With Germany forced to tighten restrictions months ahead of a general election that will see voters pick a successor to veteran Chancellor Angela Merkel, hard-fought policy battles have erupted into the public arena.
Merkel on Sunday called out some regional chiefs in a TV interview for failing to impose "emergency brake" restrictions, including the head of her CDU party Armin Laschet, who runs North Rhine-Westphalia state.
"Everyone wants the number of infections to go down and everyone has taken the appropriate measures for their state," Laschet shot back.
Neighbouring France is also eyeing a potential nationwide shutdown if regional restrictions imposed just over a week ago fail to slash infections.
With 28,000 people hospitalised -- not far short of earlier peaks -- "the outlook is worse than frightening", senior intensive care doctor Jean-Michel Constantin said in an interview Monday.
'Not everything answered':
While societies continue to battle the effects of the pandemic, there is still little clarity over its origins.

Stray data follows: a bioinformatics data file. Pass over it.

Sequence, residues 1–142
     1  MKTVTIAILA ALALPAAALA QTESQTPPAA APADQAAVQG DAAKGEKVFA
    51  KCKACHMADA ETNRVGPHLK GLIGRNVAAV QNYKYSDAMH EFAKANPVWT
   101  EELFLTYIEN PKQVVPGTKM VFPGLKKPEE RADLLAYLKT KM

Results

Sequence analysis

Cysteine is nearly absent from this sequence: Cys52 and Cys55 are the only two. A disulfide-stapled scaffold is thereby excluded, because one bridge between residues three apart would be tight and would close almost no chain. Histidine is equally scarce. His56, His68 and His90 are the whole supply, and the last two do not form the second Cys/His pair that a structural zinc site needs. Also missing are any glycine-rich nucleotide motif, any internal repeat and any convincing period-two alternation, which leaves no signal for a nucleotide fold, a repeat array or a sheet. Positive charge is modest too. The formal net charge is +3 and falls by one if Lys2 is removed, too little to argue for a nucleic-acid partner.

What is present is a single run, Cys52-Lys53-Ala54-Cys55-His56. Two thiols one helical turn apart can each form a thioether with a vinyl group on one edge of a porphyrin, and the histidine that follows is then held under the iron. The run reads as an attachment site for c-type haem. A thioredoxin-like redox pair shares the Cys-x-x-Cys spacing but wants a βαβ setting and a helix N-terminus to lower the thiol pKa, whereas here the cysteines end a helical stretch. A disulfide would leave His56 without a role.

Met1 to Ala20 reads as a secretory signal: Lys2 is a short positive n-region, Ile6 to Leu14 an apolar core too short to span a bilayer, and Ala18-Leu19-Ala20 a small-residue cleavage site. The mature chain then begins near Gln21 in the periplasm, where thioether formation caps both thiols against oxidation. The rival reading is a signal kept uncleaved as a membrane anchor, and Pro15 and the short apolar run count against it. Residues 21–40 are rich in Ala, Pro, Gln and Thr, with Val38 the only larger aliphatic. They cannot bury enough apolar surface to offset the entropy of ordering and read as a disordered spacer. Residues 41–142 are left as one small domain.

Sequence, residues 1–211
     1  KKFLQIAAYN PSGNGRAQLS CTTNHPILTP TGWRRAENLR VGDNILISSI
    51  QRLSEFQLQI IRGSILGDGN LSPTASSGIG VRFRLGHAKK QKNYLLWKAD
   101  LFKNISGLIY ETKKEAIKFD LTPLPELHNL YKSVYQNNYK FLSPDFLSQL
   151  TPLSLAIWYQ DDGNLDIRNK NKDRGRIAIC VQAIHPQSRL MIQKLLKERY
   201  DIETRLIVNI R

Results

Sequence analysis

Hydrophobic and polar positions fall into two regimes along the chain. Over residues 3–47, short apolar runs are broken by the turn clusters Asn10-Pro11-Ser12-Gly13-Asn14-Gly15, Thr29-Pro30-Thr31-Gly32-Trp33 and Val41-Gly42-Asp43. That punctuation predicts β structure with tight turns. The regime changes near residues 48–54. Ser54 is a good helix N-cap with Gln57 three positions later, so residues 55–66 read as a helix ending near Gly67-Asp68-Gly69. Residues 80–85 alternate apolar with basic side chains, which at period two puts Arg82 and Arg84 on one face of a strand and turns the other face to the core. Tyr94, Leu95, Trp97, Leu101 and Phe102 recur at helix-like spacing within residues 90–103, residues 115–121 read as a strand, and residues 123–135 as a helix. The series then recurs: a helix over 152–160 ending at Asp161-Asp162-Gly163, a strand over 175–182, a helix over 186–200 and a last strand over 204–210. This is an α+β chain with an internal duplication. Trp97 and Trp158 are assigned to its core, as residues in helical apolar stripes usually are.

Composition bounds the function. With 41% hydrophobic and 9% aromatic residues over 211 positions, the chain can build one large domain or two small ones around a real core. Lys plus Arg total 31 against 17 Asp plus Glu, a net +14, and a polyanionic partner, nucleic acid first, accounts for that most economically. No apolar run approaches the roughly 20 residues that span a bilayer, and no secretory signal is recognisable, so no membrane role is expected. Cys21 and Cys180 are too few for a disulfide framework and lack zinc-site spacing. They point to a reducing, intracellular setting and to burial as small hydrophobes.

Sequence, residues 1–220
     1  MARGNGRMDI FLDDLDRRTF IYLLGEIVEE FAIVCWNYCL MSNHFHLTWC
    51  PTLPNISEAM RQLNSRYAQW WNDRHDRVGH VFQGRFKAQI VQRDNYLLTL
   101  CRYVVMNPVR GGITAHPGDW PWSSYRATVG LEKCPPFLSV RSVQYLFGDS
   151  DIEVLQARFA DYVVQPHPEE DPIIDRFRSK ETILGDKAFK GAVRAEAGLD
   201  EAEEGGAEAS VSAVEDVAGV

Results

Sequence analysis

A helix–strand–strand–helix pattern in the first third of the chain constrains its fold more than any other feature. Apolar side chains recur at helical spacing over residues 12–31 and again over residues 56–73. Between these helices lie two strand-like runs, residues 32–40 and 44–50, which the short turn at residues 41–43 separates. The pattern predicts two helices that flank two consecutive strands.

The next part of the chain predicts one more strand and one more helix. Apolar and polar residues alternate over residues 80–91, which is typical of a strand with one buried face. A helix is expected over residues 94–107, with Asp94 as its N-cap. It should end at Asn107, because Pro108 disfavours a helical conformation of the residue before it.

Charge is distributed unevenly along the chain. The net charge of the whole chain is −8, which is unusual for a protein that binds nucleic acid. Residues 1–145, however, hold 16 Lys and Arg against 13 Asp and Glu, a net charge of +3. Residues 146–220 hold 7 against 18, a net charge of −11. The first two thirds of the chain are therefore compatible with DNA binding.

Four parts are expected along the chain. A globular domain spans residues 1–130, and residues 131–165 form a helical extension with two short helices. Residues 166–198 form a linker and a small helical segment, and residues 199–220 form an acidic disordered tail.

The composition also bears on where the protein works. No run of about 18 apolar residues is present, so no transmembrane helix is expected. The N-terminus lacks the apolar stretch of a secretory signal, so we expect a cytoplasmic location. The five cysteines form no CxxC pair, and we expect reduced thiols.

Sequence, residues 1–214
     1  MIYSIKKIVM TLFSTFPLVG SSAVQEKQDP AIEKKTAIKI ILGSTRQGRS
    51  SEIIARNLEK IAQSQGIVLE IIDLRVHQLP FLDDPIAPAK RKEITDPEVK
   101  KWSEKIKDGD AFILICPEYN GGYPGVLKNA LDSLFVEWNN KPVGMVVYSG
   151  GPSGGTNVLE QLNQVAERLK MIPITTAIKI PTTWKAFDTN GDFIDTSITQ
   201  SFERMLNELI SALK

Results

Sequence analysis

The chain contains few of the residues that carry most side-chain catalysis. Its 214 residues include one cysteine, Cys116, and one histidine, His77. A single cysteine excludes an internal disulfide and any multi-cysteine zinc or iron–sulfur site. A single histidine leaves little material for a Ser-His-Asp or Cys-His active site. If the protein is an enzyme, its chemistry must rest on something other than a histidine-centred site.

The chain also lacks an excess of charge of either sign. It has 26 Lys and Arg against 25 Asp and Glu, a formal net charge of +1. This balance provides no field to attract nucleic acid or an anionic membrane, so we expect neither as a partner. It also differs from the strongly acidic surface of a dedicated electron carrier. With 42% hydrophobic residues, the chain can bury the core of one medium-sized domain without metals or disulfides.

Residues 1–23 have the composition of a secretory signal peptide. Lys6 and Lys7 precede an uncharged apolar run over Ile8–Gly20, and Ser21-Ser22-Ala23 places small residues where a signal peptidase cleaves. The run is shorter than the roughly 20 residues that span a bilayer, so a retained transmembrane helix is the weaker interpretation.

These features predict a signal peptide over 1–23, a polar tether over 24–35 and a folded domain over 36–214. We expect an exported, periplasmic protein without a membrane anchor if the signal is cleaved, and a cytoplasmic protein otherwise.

The WHO report left "not everything answered" but was "surely a good start", Dutch virologist and team member Marion Koopmans tweeted.
Experts believe the SARS-CoV-2 virus that causes the Covid-19 disease originally came from bats.
The report authors offered a ranked list of possible ways it could have made the jump to humans, calling a direct leap "possible to likely" and a scenario with an intermediate animal "likely to very likely".
Experts named candidates including mink, pangolins, rabbits and ferret badgers.
Beijing's pet theory that the virus did not originate in China at all but was imported in frozen food was judged "possible" but very unlikely.
Meanwhile, claims promoted by former US president Donald Trump's administration that the virus escaped from a research lab were judged "extremely unlikely".But in Geneva on Monday, WHO boss Tedros Adhanom Ghebreyesus stressed that "all hypotheses are open, from what I read from the report... and warrant complete and further studies".